React­ing to the fact that Hil­lel was one of the co-sponsors of pro­gram, the Brown Uni­ver­sity chap­ter of Stu­dents for Jus­tice in Pales­tine (SJP) launched a change.org peti­tion urg­ing Ms. Mock to reject Hillel’s invi­ta­tion to speak, say­ing that she should accept “Brown stu­dents’ spon­sor­ship instead of Hillel’s.”  Although they were only able to gain 159 sup­port­ers (of the nearly 9,000 stu­dents who attend Brown), SJP’s divi­sive efforts led to Ms. Mock can­celling her talk.

Photo: Wikipedia Commons

While some may be quick to crit­i­cize Ms. Mock’s deci­sion, con­dem­na­tion should instead be lev­eled against SJP and their efforts to splin­ter a com­mu­nity and use Ms. Mock as a pawn. In their effort to link Hillel’s Moral Voices’ cam­paign — a largely domes­tic ini­tia­tive high­light­ing vio­lence against LGBT+ indi­vid­u­als and com­mu­ni­ties — to vio­lence in the Mid­dle East, SJP forced a trans­gen­der woman of color to choose between silenc­ing her­self or allow­ing her­self to be exploited for their unre­lated cru­sade.  She should never have been put in that position.

The homo­pho­bic and anti-Semitic graf­fiti that appeared on Brown’s cam­pus just days later occurred in an envi­ron­ment that SJP helped cre­ate. Their claim to be sur­prised is unper­sua­sive.   More­over, the graf­fiti is only one vis­i­ble sign of the con­se­quences of SJP’s actions. While SJP’s efforts to alien­ate Jew­ish stu­dents are well doc­u­mented, there are other impli­ca­tions too.

There are far too few vis­i­ble trans­gen­der role mod­els and lead­ers. Efforts that have the effect of quash­ing those scarce voices have far-reaching reper­cus­sions.  For exam­ple, stud­ies have shown that the sui­cide attempt rate among trans­gen­der men and women exceeds 41%, greatly sur­pass­ing the 4.6% of the over­all U.S. pop­u­la­tion who report a sui­cide attempt at some point in their lives. The ele­vated rates of sui­cide attempts are con­nected with sur­vivors’ expe­ri­ences of fam­ily rejec­tion and dis­crim­i­na­tion and vio­lence at school and work. The absence of trans­gen­der voices in main­stream dis­course also plays a role. There few role mod­els for young trans­gen­der peo­ple, and fam­i­lies, co-workers, and friends of trans­gen­der peo­ple have lim­ited oppor­tu­ni­ties to hear from trans­gen­der lead­ers.  Such an expe­ri­ence would bet­ter equip them to be allies in the future. Unfor­tu­nately, SJP’s actions fore­closed that pos­si­bil­ity for the Brown Uni­ver­sity campus.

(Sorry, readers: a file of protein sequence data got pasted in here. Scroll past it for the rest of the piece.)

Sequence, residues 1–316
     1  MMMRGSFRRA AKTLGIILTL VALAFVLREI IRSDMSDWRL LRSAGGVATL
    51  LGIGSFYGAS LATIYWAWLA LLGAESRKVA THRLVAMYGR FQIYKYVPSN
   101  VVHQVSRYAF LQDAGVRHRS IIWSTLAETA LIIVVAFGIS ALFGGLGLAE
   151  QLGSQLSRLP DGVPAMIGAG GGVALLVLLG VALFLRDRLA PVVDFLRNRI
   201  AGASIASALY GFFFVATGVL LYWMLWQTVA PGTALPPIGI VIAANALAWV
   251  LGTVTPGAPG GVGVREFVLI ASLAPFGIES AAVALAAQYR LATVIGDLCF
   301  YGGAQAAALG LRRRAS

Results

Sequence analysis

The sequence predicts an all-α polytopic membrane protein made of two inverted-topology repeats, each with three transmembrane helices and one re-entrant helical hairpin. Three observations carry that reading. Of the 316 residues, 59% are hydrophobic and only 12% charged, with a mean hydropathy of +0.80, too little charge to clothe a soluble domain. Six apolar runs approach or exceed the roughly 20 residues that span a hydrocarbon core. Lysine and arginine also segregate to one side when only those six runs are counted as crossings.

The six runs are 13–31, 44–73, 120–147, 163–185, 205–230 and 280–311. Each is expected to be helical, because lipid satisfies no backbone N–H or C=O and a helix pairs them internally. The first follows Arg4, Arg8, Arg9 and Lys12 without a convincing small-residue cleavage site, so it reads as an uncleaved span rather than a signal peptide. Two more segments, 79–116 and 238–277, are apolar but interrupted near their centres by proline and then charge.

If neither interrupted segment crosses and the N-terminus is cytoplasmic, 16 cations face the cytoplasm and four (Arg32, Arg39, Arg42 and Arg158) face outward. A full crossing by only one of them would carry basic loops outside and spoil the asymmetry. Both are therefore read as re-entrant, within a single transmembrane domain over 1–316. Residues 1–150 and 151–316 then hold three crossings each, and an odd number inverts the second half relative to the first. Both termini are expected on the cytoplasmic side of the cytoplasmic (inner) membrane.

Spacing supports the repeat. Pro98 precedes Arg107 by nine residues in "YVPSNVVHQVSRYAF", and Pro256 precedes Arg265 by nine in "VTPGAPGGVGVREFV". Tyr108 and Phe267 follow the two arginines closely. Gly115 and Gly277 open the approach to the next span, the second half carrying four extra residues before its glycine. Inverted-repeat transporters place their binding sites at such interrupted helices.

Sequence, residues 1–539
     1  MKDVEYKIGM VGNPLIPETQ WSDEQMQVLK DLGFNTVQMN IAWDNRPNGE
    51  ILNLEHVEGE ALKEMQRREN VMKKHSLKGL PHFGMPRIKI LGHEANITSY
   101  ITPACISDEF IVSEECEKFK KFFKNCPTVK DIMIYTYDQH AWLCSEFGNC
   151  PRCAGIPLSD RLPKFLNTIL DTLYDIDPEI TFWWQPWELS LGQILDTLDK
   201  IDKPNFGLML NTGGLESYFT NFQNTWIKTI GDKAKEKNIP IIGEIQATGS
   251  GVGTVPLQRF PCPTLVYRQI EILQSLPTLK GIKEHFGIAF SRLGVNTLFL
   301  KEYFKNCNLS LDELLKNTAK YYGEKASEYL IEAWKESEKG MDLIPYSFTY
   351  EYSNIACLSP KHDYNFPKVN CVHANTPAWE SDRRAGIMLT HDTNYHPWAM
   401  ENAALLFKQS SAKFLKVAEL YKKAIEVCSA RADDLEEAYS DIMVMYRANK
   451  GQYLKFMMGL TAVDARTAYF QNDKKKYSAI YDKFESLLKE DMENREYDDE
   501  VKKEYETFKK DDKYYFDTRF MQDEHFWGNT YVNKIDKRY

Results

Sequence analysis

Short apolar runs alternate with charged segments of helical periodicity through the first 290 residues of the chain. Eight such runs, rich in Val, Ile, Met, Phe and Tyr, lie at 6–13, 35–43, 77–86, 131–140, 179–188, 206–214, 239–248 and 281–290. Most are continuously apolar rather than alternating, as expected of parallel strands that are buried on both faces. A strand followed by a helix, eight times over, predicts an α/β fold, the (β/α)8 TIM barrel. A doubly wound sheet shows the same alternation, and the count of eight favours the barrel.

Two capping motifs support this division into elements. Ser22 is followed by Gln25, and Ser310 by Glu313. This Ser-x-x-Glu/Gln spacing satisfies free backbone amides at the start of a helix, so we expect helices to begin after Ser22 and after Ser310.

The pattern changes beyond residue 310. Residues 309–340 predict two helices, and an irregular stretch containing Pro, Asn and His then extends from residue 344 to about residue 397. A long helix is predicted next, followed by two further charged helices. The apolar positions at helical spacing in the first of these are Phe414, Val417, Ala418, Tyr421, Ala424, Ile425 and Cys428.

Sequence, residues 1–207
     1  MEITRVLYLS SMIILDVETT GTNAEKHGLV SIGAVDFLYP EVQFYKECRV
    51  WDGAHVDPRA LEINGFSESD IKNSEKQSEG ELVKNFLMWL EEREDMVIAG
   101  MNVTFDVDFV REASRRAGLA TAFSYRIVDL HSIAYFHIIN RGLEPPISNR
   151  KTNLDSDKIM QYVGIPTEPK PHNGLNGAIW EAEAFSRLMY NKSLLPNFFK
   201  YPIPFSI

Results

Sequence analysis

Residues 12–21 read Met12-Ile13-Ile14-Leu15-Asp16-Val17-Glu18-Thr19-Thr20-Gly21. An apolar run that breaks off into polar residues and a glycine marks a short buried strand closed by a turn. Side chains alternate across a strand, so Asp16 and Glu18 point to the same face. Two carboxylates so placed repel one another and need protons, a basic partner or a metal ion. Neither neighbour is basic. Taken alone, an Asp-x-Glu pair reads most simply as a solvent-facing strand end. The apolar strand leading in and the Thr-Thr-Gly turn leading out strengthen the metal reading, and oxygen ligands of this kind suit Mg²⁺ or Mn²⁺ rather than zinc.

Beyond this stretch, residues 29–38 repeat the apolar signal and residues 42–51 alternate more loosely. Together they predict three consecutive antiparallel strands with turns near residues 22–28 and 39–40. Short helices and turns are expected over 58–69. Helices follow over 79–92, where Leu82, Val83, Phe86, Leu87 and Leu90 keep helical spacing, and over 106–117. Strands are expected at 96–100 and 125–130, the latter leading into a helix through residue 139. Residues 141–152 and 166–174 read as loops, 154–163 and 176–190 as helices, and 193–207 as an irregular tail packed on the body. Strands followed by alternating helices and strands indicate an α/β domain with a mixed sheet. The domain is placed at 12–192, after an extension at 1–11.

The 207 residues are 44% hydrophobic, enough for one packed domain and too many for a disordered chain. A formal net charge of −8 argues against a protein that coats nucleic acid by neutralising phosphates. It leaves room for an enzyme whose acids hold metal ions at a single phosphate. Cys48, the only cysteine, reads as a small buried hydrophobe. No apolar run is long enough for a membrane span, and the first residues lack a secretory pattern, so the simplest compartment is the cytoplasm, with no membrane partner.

The impor­tance of pro­vid­ing plat­form for trans­gen­der voices is under­scored by the fact that, accord­ing to the National Coali­tion of Anti-Violence Pro­grams’ most recent report, vio­lence against trans­gen­der women and par­tic­u­larly trans­gen­der women of color remains at an alarm­ingly high rate. At present, only 17 states and the Dis­trict of Colum­bia have hate crime laws that explic­itly cover gen­der iden­tity. Crit­i­cal efforts to address vio­lence against LGBTQ peo­ple, includ­ing advo­cacy for inclu­sive hate crime laws like the 50 States Against Hate cam­paign, are under­mined by orga­ni­za­tions that engage in activism that results in silenc­ing trans­gen­der voices. That too is what SJP did.

SJP encour­aged a speaker – wholly unre­lated to Israel — to reject an invi­ta­tion from a broad coali­tion of stu­dent orga­ni­za­tions solely because one of those orga­ni­za­tions is Jew­ish. Intended or not, SJP harmed the LGBTQ com­mu­nity at Brown and beyond.  It’s well beyond time to reject these divi­sive tactics.